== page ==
Repo! The Genetic Opera has Shilo. Given it's directed by the guy who did most of the Saw franchise, you just know she'll be broken by the end.
To wit: she started as an Ill Girl with a vaguely-defined blood disease. While visiting her mother Marni's tomb, she runs into Grave-Robber, who proceeds to call a whole platoon of heavily armed police down on them, then drags her into a cavern filled with the rotting corpses of repossessed victims. The stress makes her illness flare up and she collapses while surrounded by said cops, as well as the nightmarish Repo Man. When she wakes up, sick and weak in her bedroom, her father tells her it was all a bad dream, then yells at her for taking risks with her health. And that's just the beginning.
To whit more: Nathan, Shilo's father, has never allowed her to leave her room because of her blood disease. After she disoebeys him and has all those adventures the last troper mentioned, her idol-slash-godmother is brutally murdered. It's revealed that not only is Nathan responsible for Marni's death, but he's been poisoning Shilo to keep her from ever growing up and leaving him, and she's not sick after all. Then he dies. She walks away, throughly broken, covered in the blood of the only two people she's ever met. Aww... can I give you a hug, Shi?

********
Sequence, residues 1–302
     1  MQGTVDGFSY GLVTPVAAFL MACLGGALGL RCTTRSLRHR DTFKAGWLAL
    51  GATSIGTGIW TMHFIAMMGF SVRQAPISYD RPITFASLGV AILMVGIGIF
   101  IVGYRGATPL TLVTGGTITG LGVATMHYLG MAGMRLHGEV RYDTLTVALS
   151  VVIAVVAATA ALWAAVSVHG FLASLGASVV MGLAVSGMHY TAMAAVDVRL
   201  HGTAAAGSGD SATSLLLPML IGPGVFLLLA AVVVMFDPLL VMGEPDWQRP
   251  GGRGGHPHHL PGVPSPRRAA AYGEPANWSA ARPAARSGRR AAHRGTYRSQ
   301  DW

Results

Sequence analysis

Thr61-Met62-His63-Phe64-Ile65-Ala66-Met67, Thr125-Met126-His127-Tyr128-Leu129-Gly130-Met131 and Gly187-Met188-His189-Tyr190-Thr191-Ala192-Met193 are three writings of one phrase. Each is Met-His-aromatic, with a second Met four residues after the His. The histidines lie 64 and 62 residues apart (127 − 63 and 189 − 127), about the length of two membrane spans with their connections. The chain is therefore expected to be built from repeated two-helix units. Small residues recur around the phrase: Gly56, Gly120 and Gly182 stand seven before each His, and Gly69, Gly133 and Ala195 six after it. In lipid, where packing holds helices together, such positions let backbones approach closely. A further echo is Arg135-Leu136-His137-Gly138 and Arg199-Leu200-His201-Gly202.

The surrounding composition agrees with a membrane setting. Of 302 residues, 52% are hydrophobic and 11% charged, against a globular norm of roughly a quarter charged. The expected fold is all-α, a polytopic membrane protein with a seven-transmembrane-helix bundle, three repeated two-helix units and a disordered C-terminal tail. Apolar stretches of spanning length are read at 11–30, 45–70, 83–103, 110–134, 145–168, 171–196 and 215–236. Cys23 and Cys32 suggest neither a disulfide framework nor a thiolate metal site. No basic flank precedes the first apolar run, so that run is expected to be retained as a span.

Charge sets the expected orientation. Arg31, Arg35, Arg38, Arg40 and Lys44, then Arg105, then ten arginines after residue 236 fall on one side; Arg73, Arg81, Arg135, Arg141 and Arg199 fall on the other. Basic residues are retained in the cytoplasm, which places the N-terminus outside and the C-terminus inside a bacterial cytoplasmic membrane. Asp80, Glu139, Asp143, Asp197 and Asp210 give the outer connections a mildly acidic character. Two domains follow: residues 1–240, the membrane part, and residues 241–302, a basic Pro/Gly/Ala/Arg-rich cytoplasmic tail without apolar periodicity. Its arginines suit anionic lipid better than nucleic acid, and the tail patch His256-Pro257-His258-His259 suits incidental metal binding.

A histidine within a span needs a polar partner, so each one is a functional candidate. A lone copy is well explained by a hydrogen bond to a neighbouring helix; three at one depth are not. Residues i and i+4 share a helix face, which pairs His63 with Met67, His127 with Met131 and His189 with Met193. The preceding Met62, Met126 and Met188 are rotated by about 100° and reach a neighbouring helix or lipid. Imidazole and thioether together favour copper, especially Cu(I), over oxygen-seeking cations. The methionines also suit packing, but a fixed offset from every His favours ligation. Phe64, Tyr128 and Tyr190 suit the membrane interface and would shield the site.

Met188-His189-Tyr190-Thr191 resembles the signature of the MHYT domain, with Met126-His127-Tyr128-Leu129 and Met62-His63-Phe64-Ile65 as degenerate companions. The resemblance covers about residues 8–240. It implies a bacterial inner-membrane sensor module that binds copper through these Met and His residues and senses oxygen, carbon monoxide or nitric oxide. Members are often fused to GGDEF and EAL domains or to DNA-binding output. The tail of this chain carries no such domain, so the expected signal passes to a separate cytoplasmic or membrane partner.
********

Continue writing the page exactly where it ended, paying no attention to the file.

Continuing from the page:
In Police Story, we get to see what happens when Jackie Chan's typical happy-go-lucky character who is nevertheless a fearsome martial artist gets pushed too far. Chan has said it's his favorite of his action films.